Dra­mas to stim­u­late your thinking

Ap­ple Tree Yard cracks along, while The Hand­maid’s Tale is bru­tal, grip­ping and ter­ri­bly de­press­ing.

The Press - The Box - - VIEWING GUIDE -

Bri­tish thriller Ap­ple Tree Yard (Sun­days, 8.30pm, TVNZ1) opens with Dr Yvonne Carmichael (Emily Watson), hand­cuffed in the back of a po­lice van.

‘‘Fear makes an­i­mals of us all’’ she muses. Flash back to a few months ear­lier. There she is, a re­spected sci­en­tist, giv­ing ad­vice on ge­netic en­gi­neer­ing to a Par­lia­men­tary Se­lect Com­mit­tee. It’s an ef­fec­tive way of hook­ing in the viewer. How can you not want to know how Yvonne’s life has spun out of con­trol? She’s got a great ca­reer, two grown-up kids and a lovely Lon­don home where she lives with her hus­band. And de­spite this seem­ingly re­spectable life, just min­utes af­ter her ap­pear­ance in front of the Se­lect Com­mit­tee, Yvonne is get­ting steamy with a stranger, Mark (Ben Chap­lin), in hid­den his­tor­i­cal spots of the Houses of Par­lia­ment.

’’Sex with you is like be­ing eaten by a wolf,’’ she types breath­lessly as she re­counts events to her lap­top. It’s an odd sum­mary of such an en­counter, but it’s ap­par­ently pos­i­tive be­cause soon she’s skulk­ing around try­ing to bump into the wolf again.

But Mark is a bit hazy on de­tails, ex­cept those re­lat­ing to se­cu­rity cam­eras, of which he seems to have a com­pre­hen­sive knowl­edge. You might think that sounds like a po­ten­tially very dull date, but it seems to work for Yvonne.

In fact, she’s soon act­ing like a gig­gly teenage girl. And, I’ll be hon­est, I found it ir­ri­tat­ing. Sure, I get it, she’s flat­tered to be no­ticed, she’s thrilled to be sex­u­ally de­sir­able at this stage in life when she feels her body is like a ‘‘jelly baby’’. But why can’t she em­brace this af­fair in a way that is more fit­ting with who she is? It just feels like her re­ac­tions, gig­gling at her­self in the mir­ror and tex­ting like a teenager, make her feel like more of a ve­hi­cle for the plot than a real per­son.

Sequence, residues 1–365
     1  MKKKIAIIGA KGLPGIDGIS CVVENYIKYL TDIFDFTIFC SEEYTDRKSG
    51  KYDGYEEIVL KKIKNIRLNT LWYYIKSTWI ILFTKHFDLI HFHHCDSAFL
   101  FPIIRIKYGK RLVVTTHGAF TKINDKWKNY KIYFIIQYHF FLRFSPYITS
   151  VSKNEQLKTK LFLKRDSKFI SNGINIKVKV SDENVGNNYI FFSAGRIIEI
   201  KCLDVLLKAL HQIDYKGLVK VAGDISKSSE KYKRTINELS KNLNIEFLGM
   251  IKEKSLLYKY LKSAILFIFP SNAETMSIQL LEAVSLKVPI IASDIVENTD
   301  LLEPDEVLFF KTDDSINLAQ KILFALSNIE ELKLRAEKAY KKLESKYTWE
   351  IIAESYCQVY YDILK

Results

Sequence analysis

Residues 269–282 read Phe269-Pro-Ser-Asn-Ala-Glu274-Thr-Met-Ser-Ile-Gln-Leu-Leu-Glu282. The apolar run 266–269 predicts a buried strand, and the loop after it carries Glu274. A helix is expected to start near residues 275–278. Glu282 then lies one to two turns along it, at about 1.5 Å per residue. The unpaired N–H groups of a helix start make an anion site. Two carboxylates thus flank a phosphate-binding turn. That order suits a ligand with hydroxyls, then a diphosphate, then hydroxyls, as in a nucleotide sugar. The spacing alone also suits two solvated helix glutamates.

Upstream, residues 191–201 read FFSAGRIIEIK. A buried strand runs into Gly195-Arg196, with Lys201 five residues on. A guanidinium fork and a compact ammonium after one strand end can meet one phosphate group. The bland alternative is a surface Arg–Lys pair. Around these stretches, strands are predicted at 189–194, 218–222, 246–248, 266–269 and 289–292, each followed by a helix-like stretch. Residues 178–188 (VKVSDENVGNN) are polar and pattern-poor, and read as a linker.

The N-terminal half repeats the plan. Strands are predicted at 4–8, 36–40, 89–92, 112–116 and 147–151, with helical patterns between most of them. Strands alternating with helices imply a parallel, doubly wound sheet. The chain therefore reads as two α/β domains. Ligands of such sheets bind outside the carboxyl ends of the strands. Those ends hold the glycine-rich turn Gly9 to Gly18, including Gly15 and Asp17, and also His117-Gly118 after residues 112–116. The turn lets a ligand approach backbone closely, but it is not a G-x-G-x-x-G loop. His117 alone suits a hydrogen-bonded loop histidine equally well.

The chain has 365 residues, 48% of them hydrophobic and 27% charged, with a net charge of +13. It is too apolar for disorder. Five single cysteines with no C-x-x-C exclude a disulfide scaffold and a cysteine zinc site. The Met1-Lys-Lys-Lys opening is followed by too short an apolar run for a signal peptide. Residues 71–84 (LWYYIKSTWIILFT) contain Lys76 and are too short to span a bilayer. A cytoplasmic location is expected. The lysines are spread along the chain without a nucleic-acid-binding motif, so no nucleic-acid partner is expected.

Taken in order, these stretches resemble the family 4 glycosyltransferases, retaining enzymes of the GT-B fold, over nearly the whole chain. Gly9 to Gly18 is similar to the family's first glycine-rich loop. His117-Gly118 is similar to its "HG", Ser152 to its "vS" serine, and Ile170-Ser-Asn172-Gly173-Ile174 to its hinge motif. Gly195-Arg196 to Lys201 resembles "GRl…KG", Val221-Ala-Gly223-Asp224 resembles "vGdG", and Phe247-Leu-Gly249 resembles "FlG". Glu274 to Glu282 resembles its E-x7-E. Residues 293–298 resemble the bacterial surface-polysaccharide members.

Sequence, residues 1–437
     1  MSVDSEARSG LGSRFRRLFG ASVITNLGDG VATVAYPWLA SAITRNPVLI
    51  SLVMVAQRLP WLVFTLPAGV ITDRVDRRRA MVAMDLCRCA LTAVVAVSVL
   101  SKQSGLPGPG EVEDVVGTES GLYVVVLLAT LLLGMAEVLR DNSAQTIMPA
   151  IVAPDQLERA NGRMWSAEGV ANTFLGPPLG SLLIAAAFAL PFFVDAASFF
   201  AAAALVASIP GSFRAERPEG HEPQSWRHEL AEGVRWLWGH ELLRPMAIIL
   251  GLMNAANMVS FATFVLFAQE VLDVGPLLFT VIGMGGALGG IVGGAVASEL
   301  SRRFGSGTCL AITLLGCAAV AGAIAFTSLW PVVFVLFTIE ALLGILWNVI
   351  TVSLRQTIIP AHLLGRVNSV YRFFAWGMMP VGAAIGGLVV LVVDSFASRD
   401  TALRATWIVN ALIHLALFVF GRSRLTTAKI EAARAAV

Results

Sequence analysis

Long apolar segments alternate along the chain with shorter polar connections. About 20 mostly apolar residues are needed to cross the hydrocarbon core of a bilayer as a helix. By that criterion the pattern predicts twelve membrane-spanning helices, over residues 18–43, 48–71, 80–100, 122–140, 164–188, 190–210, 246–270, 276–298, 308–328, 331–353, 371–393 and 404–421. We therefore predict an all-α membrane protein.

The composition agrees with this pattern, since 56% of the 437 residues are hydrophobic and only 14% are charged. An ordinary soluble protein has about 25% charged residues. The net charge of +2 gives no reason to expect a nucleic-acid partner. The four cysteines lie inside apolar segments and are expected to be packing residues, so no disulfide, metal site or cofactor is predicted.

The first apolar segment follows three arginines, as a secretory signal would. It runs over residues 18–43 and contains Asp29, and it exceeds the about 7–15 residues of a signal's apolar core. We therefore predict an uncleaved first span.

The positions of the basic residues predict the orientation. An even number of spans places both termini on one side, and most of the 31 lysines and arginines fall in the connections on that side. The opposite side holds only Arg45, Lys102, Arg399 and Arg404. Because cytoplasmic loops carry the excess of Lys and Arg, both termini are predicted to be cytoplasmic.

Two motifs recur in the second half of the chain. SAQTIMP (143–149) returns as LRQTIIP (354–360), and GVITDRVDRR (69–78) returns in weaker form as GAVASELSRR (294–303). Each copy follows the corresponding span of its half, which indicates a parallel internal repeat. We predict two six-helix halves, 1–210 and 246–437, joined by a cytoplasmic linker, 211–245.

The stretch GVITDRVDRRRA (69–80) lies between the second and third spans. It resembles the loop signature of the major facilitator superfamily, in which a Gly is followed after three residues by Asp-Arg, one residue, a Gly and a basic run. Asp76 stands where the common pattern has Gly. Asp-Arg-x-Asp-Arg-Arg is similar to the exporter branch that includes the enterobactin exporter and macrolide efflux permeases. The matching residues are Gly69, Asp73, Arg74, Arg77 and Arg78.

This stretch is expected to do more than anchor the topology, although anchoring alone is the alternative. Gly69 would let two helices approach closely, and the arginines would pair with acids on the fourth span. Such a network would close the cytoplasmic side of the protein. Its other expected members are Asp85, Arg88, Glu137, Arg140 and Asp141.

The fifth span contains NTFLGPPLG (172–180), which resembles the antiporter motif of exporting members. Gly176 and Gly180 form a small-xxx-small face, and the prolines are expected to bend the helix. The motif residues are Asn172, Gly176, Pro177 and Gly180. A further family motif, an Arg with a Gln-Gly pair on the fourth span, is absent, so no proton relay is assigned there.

But, the story it­self is good enough to carry this flaw. It cracks along with rarely a dull mo­ment and by the end of episode one we’re left with a stack of unan­swered ques­tions. Yvonne’s life is spi­ralling out of con­trol, but there’s also the feel­ing that there’s some­thing more omi­nous and pow­er­ful at work here and you re­ally do want to keep watch­ing.

In The Hand­maid’s Tale (avail­able on Light­box), women don’t have the op­por­tu­nity to make any bad de­ci­sions. Adapted from the fa­mous novel by Mar­garet At­wood, events are set in the fu­ture when de­clin­ing hu­man fer­til­ity has seen a re­turn to fun­da­men­tal­ist re­li­gious val­ues and fer­tile women are forced to re­pro­duce for pow­er­ful cou­ples un­able to do so.

From the open­ing, it’s bru­tal, grip­ping and ter­ri­bly de­press­ing. I know, that doesn’t sound like a ring­ing en­dorse­ment, but I mean it in a good way. It’s beau­ti­fully filmed, with ter­rific per­for­mances.

And if you think it’s all a bit far­fetched, At­wood has said the things that hap­pen to women in the book have all hap­pened at some time, some­where in the real world. Thought-pro­vok­ing stuff.

Ben Chap­lin and Emily Watson star in the in­trigu­ing Bri­tish drama Ap­ple Tree Yard.

The Hand­maid’s Tale is beau­ti­fully filmed and boasts ter­rific per­for­mances.

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